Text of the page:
In an increasingly globalised world where large US firms are an increasingly attractive option for trainee or newly qualified lawyers, British firms have to compete with international recruiters in order to secure the cream of the crop. The high cost of recruiting and training a lawyer means that even if you manage to attract the top talent, ensuring your fee earners remain on board is extremely important; aside from potentially losing clients, the cost of replacing an associate-level solicitor is estimated to be £125,000. So how do you tackle the big bucks allure of the American outfits and keep a tight ship?
It’s not all about the money
Although the salary level and type of work will generally comprise the most significant factors when it comes to choosing an offer, many lawyers will consider a range of other elements such as working environment, flexibility and attitude of their future employer. The effective use of technology is integral to many of these “working style” related decisions.
Over the last twenty years or so, expectations of working life have changed for most professionals, not least those working in the legal sector. As I wrote about in a recent article –Why your firm should embrace flexible working – young lawyers are jumping at opportunities to achieve a better work-life balance through flexible working. But in order to offer flexibility to their fee earners, law firms must first ensure that the enabling technology is in place.
What technology should be adopted?
Software is becoming increasingly more important than hardware for law firms. Most employees will already have a variety of internet connected devices for personal use – including a laptop, smartphone and tablet – so it makes little sense to provide them with duplicate hardware for work use. Bring Your Own Device (BYOD) policies can significantly reduce overall technology spend – as well as providing peace of mind regarding data protection issues – and they are popular amongst potential hires (one survey indicated that 44% of job seekers view organisations with a BYOD more positively).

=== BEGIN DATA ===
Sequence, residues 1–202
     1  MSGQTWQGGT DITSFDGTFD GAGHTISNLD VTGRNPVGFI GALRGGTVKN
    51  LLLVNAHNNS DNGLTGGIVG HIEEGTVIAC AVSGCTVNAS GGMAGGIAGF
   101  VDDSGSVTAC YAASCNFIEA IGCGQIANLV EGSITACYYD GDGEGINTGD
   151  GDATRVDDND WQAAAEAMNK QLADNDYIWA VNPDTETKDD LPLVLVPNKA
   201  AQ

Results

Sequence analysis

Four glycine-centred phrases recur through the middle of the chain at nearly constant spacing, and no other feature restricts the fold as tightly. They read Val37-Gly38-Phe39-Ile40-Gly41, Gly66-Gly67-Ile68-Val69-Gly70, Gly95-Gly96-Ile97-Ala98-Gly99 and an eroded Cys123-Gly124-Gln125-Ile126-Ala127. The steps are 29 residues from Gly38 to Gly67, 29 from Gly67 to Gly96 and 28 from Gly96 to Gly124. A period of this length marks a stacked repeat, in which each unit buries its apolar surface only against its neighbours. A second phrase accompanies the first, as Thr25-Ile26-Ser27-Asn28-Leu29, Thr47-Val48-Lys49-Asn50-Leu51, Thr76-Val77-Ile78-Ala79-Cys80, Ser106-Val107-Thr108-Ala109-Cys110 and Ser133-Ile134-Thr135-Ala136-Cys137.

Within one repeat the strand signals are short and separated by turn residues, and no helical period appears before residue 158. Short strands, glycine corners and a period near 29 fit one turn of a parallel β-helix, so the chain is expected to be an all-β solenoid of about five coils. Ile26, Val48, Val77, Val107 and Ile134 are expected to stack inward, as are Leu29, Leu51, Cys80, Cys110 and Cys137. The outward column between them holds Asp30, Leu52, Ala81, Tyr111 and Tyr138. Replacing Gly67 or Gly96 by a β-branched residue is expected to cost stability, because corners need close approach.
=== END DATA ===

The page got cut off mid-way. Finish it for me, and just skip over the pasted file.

But adopting appropriate software is crucial – whether it’s a sophisticated case management system, web hosted email or relevant collaborative tools – in order to allow fee earners to work in a more agile way, without being constrained by time or location. Providing cross-platform, cloud-hosted software which can be accessed from any device in any WiFi spot – whether it’s a Windows 10 laptop in the office, an Android phone in the coffee bar or an iPad at home – is far more effective, appreciated and cheaper than simply issuing company laptops and mobiles to new starters.
The appeal of technology-friendly employers
Firms which embrace the latest IT developments demonstrate a forward thinking approach which is very appealing to many new entrants to the legal profession. Although the technology itself is a boon, the attitude is just as important because it shows a willingness to engage with a modern way of working. Tech companies have traditionally led the way in implementing progressive employment practices such as flexible working, partly due to their adoption of new technologies which allow people to work towards a common objective independently and without being in the same room; in the mid-90s this was email (completely absent in most law firms until after the turn of the century), and more recently it’s cloud based project or case management systems.
It’s worth bearing in mind that many of the pioneers of the internet itself were quite anarchic and built a system which inherently precluded central control (section 2.4) and rejected hierarchy, presaging the flat organisational style and “Theory Y” management approach which has become so popular amongst 21st century employees. Although modern tech companies have commercialised the internet, the groundbreaking spirit lives on, and high-tech employers – as well as those who adopt a technologically progressive approach – reap the benefits in terms of attracting and retaining the top talent, especially amongst younger generations.